THE question has been asked before, and is sure to be raised again, though so far no one can give a reasoned answer when queries are raised about the purpose of the Sanyo Challenge Cup. Although professionalism is still in its infancy, this end-of-season match between the Allied Dunbar champions, Newcastle, and a World XV at Twickenham is a game too many, just as it was in each of its two previous runnings.
In a futile search for a reason why, Bob Dwyer, the coach of the World XV, said: "It is an opportunity for Newcastle to appear before their public as champions, and show people that they are worthy of the honour."
Sorry, Bob, that one won't wash. The Newcastle public were across the road at The Stoop Memorial Ground last Sunday, to see Dean Ryan's team as they clinched the title by defeating Harlequins. That was when a visit to London by Newcastle really did mean something.
If there is a place for a game like this, it is in late summer, before the league season starts. Better still, why not a home-and-away contest between the champions of England and France? In fact, Newcastle have almost concluded arrangements to play this season's French Champions, Stade Francais, in August.
For all the pre-match hype, attendances have declined since the first of these Sanyo games, and there were only 18,500 to witness a surprisingly competitive match. There was plenty of running, especially from the electrifying Philippe Bernat-Salles - who scored three exilirating tries before the break - and some delightful handling.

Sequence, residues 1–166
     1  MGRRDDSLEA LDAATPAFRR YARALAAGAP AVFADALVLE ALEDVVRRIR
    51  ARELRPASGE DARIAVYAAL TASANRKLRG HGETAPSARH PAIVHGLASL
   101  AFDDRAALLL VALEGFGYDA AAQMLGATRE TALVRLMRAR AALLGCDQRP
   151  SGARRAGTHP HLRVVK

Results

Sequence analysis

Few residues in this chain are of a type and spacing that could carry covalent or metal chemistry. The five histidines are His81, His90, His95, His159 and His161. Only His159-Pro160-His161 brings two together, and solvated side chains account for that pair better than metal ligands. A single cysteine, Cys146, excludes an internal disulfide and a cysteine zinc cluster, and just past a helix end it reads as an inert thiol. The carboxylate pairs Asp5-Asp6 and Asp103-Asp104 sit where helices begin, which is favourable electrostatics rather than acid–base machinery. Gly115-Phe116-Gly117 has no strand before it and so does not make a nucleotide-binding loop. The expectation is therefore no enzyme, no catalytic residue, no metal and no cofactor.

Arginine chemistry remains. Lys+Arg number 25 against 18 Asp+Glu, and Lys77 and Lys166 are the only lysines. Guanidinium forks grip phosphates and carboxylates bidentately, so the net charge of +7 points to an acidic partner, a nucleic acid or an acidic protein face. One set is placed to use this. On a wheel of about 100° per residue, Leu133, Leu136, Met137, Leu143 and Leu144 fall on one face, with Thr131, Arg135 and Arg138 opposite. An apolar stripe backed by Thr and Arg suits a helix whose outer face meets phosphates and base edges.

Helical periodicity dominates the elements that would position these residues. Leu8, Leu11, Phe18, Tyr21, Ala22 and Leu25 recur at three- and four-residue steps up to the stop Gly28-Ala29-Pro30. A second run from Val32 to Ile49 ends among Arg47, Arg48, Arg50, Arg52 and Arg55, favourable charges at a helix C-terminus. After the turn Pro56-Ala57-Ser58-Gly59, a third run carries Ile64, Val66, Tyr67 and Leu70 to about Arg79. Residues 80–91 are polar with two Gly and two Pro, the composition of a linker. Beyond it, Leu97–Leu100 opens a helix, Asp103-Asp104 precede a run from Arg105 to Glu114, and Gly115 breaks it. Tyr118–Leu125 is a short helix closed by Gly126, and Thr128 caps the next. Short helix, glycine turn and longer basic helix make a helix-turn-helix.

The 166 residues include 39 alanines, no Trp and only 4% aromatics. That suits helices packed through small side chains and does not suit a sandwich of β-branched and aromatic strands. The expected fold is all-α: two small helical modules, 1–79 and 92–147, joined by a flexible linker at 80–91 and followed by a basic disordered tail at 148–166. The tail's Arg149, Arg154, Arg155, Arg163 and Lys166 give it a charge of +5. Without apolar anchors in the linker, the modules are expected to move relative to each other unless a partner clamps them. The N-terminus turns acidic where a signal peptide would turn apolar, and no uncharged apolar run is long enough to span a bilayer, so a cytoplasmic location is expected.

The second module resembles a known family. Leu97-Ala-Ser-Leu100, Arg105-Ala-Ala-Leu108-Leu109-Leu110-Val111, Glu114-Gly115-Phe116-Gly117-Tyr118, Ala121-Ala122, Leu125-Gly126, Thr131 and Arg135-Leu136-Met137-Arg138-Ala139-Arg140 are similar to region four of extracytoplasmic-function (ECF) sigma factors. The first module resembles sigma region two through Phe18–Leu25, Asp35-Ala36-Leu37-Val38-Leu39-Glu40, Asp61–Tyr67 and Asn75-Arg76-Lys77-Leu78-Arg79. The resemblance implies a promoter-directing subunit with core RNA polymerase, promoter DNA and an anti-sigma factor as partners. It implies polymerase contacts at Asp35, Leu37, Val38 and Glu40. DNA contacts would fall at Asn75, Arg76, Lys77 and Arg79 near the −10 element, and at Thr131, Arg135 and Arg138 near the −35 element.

Inevitably there was some candy-floss stuff with several players returning as replacements having earlier been replaced themselves. But this came in the third quarter when it became apparent that Newcastle badly wanted to win.
Within six minutes of the restart, Newcastle had looked out of it when Agustin Pichot scored two tries to leave Newcastle trailing by 22 points. But from then on, Newcastle took control as George Graham and Gary Armstrong crossed for tries. Rob Andrew, who had come on for Jon Wilkinson, slotted both conversions to put theFalcons back in the frame at 41-33.
They still had plenty to do, especially as Francois Pienaar and Hannes Strydom returned to bolster the World XV pack. But a brilliant burst by Pat Lam - crowned the Allied Dunbar Premiership Player of the Year - and a third Andrew conversion set up an explosive last 10 minutes.
The loudest bang was made by Va'aiga Tuigamala smashed under the posts for Newcastle's seventh try. Andrew converted, so Newcastle went one better than Leicester and Wasps by becoming the first English team to win the Sanyo Cup.
Newcastle: S Legg; J Naylor, V Tuigamala, M Shaw, A Tait (capt); J Wilkinson, C Simpson-Daniels; G Graham, R Nesdale, P Van-Zandvliet, R Beattie, D Weir, P Lam, P Walton, R Arnold. Replacements: G Armstrong for Simpson- Daniels, 40; R Andrew for Wilkinson, 40; D Barnes for Van-Zandvliet, 40; S O'Neill for Arnold, 47; N Frankland for Nesdale, 58; G Childs for Shaw, 64; R Horton for Walton, 69.
World XV: P Vaccari (Italy); P Bernat-Salles, P Sella, S Glas (both France), C Williams (South Africa); D Knox (Australia), A Pichot (Argentina); C Blades (Australia) R Ibanez (France), M Hurter (South Africa), H Strydom (South Africa), W Waugh (Australia), M Giovanelli (Italy), T Strauss, F Pienaar (both South Africa). Replacements: T Coker (Australia) for Strydom, 40; G Leaupepe (Western Samoa) for Sella, 40; S Latu (Japan) for Pienaar, 40; R Cockerill (England) for Ibanez, 40; E Rush (New Zealand) for Vaccari, 50; D Garforth (England) for Hurter, 56; Pienaar for Gionvanelli, 58; Sella for Glas, 58; Strydom for Waugh, 58; A Thomas (Wales) for Knox, 66.
Referee: S Piercy (Goole).Reuse content